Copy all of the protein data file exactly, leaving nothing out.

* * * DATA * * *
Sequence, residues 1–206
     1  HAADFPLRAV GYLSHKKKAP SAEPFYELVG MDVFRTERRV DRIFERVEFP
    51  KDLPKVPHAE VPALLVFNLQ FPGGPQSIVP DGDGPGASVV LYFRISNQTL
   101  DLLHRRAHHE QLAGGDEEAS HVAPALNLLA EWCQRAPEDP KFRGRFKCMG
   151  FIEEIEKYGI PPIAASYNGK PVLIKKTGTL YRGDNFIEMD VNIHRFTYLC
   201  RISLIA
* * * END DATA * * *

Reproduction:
Sequence, residues 1–206
     1  HAADFPLRAV GYLSHKKKAP SAEPFYELVG MDVFRTERRV DRIFERVEFP
    51  KDLPKVPHAE VPALLVFNLQ FPGGPQSIVP DGDGPGASVV LYFRISNQTL
   101  DLLHRRAHHE QLAGGDEEAS HVAPALNLLA EWCQRAPEDP KFRGRFKCMG
   151  FIEEIEKYGI PPIAASYNGK PVLIKKTGTL YRGDNFIEMD VNIHRFTYLC
   201  RISLIA